When asked to list benefits of Medicare's prospective payment system, 35 per cent of the panelists could think of none. On the bright side, 28 per cent reported their laboratories are more effi

cient and productive thanks to DRGs, 16 per cent mentioned upgraded instrumentation as a result of DRGs, and 7 per cent said their labs are getting more recognition and cooperation from hospital administration.

Many respondents said prospective payment had "forced" benefits on them: "forced to be more efficient," "forced an increase in quality,"forced hospital administration to approve a pneumatic tube system for specimen transport, "forced financial awareness of laboratory operations, "forced to increase outpatient testing," "forced the lab to look outside the hospital for more revenue, and therefore to examine the needs and concerns of the community at large,"

Susan Pellerin, assistant administrative director at 303-bed Manchester (Conn.) Memorial Hospital, felt strongly enough about the impact of DRGs on laboratory medicine to elaborate at length. She listed 12 major areas in which DRGs had affected laboratory science, including a reshaping of undergraduate curricula, a trend toward instruments requiring little maintenance, increased cost accounting, a regulatory push toward new personnel standards and laboratory standards, and development of sophisticated laboratory quality assurance programs.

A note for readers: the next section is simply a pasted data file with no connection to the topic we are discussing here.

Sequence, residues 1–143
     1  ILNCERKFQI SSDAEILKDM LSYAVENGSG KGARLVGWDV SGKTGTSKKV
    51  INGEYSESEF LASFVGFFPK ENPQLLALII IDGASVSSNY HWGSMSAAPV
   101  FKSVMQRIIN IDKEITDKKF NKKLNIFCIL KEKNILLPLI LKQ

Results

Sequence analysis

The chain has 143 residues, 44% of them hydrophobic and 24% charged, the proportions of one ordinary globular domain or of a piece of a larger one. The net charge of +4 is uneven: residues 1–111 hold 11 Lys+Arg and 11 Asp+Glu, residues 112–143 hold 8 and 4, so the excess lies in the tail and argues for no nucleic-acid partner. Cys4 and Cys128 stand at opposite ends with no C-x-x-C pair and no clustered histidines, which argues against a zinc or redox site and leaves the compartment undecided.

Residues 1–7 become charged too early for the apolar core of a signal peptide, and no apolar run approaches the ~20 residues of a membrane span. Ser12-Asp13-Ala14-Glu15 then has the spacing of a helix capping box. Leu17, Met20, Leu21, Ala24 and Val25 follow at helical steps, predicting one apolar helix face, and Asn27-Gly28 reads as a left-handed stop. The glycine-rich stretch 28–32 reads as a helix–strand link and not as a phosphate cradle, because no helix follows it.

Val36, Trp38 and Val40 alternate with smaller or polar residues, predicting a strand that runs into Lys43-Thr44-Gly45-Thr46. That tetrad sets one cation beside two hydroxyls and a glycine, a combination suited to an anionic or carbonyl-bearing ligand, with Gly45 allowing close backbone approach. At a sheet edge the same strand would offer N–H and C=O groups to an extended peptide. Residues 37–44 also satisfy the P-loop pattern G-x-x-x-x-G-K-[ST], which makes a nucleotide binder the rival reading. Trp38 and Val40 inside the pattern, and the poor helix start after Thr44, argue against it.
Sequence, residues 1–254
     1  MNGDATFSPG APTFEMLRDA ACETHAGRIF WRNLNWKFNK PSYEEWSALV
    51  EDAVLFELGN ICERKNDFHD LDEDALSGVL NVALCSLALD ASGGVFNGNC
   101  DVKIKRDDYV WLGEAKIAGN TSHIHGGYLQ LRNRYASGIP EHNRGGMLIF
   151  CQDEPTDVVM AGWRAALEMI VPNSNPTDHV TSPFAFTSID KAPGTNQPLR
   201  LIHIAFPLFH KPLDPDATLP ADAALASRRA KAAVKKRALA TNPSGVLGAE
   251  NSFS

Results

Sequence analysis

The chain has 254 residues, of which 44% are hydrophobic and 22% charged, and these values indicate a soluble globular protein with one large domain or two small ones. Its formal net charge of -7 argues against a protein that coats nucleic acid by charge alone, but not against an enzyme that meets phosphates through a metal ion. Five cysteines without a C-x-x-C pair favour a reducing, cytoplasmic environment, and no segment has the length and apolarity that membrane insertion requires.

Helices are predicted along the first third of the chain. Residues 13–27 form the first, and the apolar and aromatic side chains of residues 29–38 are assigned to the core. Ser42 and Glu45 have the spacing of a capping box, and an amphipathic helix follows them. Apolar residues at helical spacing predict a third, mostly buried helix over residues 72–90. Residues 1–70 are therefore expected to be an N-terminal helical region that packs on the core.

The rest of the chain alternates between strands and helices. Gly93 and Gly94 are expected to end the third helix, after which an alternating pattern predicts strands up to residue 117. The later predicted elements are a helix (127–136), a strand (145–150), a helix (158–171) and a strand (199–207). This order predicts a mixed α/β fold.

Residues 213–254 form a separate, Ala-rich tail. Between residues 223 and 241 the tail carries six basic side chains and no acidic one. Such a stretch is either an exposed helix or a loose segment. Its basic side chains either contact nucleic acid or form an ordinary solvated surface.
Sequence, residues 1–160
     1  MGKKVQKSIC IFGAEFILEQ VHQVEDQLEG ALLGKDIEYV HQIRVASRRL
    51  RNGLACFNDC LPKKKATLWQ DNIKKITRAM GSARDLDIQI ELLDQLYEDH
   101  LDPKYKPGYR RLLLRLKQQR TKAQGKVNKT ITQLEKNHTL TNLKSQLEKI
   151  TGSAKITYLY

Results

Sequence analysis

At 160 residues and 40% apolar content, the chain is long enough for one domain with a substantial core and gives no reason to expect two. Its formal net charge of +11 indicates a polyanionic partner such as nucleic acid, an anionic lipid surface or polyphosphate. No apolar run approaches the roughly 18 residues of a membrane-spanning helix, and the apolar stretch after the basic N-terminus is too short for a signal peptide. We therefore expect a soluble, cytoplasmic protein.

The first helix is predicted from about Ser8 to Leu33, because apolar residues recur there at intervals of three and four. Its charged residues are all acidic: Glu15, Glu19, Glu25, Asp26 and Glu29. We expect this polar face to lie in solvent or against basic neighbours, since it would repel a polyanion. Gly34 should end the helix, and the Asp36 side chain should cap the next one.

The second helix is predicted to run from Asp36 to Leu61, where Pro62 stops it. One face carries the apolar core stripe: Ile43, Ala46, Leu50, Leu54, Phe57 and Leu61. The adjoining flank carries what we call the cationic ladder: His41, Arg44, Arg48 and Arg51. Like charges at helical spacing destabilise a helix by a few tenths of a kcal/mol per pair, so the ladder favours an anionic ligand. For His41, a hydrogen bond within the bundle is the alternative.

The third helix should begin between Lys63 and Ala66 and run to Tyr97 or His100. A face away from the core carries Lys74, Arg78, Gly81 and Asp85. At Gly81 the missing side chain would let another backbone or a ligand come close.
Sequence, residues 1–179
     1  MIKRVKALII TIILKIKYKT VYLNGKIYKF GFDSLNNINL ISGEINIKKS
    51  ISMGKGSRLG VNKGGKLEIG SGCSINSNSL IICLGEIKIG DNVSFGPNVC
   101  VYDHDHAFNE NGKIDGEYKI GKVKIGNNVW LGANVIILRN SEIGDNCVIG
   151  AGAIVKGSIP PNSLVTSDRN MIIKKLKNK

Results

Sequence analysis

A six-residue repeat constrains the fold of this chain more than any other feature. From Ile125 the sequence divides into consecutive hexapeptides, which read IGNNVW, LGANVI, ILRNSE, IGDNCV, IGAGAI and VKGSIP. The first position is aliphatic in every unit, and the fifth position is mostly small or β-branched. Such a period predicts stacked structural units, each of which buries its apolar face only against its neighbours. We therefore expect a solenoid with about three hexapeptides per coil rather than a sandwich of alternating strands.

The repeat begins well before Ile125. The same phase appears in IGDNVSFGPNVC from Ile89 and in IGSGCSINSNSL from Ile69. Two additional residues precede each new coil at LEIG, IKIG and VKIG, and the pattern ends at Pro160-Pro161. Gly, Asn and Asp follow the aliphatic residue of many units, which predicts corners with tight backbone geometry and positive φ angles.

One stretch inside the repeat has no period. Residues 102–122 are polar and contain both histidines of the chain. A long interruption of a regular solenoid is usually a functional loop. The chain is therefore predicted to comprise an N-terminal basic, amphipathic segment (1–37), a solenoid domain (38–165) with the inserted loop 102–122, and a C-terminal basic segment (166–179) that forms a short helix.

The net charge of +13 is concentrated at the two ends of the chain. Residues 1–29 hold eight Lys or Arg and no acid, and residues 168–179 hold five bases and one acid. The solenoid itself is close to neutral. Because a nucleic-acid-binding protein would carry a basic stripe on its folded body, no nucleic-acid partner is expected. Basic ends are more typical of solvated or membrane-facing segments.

Pellerin concluded: "Laboratories will be forced into creating highly cost-efficient and productive environments. At the same time, we as laboratorians must never lose sight of our commitment to quality."
COPYRIGHT 1988 Nelson Publishing
No portion of this article can be reproduced without the express written permission from the copyright holder.
Copyright 1988 Gale, Cengage Learning. All rights reserved.

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Title Annotation:special report, part 2; diagnosis related groups
Author:Gore, Mary Jane
Publication:Medical Laboratory Observer
Date:Dec 1, 1988
Previous Article:The impact of DRGs: a five-year overview.
Next Article:Operational considerations in maternal serum AFP screening.